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2013 Ram 1500
You'll be forgiven for thinking the 2013 Ram 1500 looks vaguely familiar. In fact, the sheetmetal is all the same and surface changes are minor. However, most of what lies beneath and bookends that sheetmetal is new or revised for 2013.
The Ram 1500, considered a half-ton, can carry loads of stuff and can tow trailers similar to what the competition will. Maximum load and tow ratings among the major manufacturers change faster than mobile device operating systems and the only certainty is you want to consider a bigger pickup if you will frequently operate near those maximums.
The 2013 Ram 1500 offers three cabs, three bed lengths (two with RamBox), three engines, two transmissions, two suspension arrangements, and interiors from hose-out ethic to limo substitute.
The biggest news for 2013 is the smallest engine, a 3.6-liter four-cam V6 delivering 305 horsepower, which is 90 more than the 3.7-liter used on 2012 models, with 13 percent more torque and 20 percent better fuel economy. At introduction, the 2013 Ram gets bragging rights for best fuel economy. The engine is new only to Ram, already used in Chrysler Group's Jeeps, vans and cars. Ram HFE is aimed at high fuel economy: Ram HFE gets an EPA-rated 18/25 mpg City/Highway with V6 and 8-speed automatic.
Also significant news for 2013, and a first in pickups, is an 8-speed automatic transmission from German manufacturer ZF. It is standard with the V6 and will be available on the 5.7-liter V8 by calendar year 2013. Both the 310-hp 4.7-liter and 395-hp 5.7-liter V8s come with what's called a 6-speed automatic, though we maintain it compares to a 5-speed (see Driving Impressions).
The last major change is the addition of full air suspension, which offers automatic leveling, eases entry/exit, and offers variable ride height for off-highway travel. The air suspension is available on any model except the new Ram HFE fuel economy special, which includes automatic start/stop engine operation and a bed cover.
Other changes for 2013 include electric-assist steering, more sophisticated electrical systems, active grille shutters, projector and LED lights on higher-line versions, revised cabin materials and dashboards, a lighter frame and box supports, more aluminum suspension components, central locking system that includes tailgate and RamBox compartments, low rolling resistance tires (for fuel economy), keyless entry/start, power sliding defrostable rear window, power folding mirrors and rain-sensing wipers.
On the outside, Ram continues with imposing stature. Like many Dodge cars, the Ram's front end has a forward tilt, but it remains very aerodynamic. Detailing for 2013 lowered the coefficient of drag (one aspect of total aero resistance) from 0.386 to 0.360.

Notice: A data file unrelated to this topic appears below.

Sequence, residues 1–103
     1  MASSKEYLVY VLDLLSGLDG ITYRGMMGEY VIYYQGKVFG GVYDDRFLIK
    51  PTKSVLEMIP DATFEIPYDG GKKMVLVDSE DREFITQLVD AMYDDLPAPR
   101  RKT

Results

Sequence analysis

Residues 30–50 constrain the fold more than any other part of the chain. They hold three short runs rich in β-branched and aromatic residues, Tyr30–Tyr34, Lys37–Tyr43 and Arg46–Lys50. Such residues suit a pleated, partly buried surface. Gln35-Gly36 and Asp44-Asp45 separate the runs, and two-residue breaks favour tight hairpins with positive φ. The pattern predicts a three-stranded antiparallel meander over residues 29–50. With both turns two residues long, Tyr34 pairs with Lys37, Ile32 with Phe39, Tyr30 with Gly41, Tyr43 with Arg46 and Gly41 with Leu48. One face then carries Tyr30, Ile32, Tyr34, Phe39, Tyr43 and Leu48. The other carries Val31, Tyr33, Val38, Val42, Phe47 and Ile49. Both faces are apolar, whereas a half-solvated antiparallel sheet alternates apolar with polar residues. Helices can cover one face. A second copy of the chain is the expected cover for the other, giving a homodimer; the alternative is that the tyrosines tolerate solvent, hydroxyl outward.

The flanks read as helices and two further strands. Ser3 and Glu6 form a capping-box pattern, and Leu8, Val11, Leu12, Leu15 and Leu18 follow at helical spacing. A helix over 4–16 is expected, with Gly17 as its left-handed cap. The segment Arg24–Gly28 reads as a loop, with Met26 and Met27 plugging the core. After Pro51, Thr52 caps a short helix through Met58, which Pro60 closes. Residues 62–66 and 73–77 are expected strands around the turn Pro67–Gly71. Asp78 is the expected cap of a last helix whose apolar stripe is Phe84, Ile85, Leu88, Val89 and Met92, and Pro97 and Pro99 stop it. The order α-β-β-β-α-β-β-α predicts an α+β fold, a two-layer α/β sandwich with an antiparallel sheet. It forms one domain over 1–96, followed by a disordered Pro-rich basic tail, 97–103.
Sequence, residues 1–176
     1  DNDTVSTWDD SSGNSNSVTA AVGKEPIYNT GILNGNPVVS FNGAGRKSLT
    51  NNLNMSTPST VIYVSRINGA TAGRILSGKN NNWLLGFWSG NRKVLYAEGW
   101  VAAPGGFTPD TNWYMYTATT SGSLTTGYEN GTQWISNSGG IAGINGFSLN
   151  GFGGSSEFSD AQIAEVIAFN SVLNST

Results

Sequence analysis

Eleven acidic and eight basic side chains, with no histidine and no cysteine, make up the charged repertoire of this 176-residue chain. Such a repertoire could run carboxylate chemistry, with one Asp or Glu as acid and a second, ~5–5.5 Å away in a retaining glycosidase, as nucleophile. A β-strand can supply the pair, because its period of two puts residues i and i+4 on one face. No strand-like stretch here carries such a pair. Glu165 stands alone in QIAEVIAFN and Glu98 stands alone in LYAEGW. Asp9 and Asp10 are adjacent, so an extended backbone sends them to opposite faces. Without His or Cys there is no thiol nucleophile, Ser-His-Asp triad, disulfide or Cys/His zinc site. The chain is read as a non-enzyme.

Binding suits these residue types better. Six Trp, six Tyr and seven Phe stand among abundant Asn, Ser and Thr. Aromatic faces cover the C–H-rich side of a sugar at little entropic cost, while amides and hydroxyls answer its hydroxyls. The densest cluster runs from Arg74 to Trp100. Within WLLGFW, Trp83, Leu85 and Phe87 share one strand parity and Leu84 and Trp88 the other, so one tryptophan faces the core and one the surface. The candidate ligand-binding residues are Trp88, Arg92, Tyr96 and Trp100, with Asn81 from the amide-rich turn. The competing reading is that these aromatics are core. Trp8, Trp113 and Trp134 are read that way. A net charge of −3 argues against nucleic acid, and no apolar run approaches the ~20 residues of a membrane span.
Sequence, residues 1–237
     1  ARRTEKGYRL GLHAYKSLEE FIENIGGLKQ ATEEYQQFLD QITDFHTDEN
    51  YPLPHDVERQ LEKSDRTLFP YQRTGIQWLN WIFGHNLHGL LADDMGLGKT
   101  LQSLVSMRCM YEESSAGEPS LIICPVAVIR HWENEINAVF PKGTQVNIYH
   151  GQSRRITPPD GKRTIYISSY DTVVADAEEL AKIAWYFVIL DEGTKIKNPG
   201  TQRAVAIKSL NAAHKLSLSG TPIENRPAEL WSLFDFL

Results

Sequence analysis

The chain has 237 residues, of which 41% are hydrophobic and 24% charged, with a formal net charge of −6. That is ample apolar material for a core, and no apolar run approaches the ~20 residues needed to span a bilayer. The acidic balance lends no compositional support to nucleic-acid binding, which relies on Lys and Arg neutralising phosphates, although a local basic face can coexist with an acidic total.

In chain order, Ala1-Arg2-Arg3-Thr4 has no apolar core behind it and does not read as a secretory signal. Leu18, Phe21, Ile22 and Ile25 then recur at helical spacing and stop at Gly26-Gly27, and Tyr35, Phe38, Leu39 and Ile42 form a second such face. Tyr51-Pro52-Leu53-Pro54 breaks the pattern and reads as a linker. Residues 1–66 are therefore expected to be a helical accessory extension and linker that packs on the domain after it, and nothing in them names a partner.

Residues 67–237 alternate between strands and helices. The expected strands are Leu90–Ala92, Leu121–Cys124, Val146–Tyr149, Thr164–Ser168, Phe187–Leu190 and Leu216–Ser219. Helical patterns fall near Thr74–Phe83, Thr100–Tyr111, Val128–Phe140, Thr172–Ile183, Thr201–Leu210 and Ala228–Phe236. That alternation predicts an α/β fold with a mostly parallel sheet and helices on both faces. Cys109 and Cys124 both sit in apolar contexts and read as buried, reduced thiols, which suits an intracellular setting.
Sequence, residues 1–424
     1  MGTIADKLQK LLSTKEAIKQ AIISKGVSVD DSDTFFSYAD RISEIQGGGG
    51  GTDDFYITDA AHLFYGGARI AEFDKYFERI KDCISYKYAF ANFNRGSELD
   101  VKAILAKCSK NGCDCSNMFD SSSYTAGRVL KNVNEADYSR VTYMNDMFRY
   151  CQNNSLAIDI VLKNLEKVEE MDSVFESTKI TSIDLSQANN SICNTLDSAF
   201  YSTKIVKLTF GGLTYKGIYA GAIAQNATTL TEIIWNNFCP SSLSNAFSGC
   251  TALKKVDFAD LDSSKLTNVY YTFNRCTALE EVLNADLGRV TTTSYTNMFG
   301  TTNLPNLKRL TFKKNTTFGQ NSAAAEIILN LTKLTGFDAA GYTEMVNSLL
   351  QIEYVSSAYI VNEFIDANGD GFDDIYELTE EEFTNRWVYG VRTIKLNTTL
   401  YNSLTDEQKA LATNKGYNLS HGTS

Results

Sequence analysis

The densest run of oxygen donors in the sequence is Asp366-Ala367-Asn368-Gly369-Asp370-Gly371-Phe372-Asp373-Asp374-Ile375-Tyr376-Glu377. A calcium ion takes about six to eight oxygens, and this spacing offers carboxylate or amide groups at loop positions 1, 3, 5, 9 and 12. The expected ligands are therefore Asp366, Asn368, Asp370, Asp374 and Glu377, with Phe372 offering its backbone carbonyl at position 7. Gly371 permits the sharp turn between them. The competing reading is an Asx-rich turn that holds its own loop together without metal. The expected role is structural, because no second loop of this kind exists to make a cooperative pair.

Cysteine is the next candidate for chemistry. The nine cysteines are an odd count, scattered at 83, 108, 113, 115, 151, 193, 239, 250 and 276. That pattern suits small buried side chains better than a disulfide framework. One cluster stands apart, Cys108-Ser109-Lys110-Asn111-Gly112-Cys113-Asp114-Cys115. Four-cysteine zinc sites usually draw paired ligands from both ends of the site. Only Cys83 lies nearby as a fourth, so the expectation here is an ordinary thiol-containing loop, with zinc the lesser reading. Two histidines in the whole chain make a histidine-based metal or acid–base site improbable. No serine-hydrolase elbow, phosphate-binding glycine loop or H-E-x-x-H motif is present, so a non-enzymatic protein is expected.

The Ram is a conventional full-size pickup truck, but it differs in rear suspension and powertrains from all its competitors: primarily Ford F-150 and the Chevrolet Silverado/GMC Sierra twins, and to a lesser extent the Nissan Titan and Toyota Tundra. Because the Honda Ridgeline does not have a separate frame, cab and bed, nor a choice of two or four-wheel drive, we do not consider it a conventional half-ton pickup, although those buying a crew cab pickup primarily as a second car would be wise to consider it.
Underneath, where for decades pickup trucks have had a live axle in back with leaf springs, the Ram's rear axle is suspended by coil springs and it is located by four trailing links and a lateral Panhard bar. An optional four-corner air suspension is unique to the Ram, as is the RamBox bed arrangement. Basic front suspension design and brake systems parallel other half-ton pickups; only the F-150 also uses electric-assist power steering.
Inside, the Ram offers seating for three to six people, in-floor storage on Crew Cabs and environments that span working-grade vinyl and rubber to French stitched leather with ventilated and heated seats. Though it varies by region there are 10 Ram 1500 nameplates.
Brand loyalty in pickup trucks makes some sports rivalries look like civilized debate, and many will recommend only one despite the fact that there are no bad pickups. Shopping is made more difficult by so-called competitive comparisons we've seen online that imply drum brakes are better than disc brakes (we disagree) or 300 horsepower is superior to 400 pound-feet of torque (ditto). Add to that payload and tow ratings that change frequently. To choose the best truck for you, we recommend avoiding any buying decision made purely on brand or maximum cargo or tow rating.
With so many versions there is no shortage of Rams to choose from. Compared to the competition, the Ram's suspensions are unique and the styling is less conservative. GM and Ford half-tons offer more engine choices but none has an 8-speed automatic. The Nissan Titan is the only half-ton that offers a full eight-foot long bed on their Crew Cab model.
(Note Ram is now a standalone brand at Chrysler, though the government mandated vehicle ID number still names Dodge as the manufacturer.)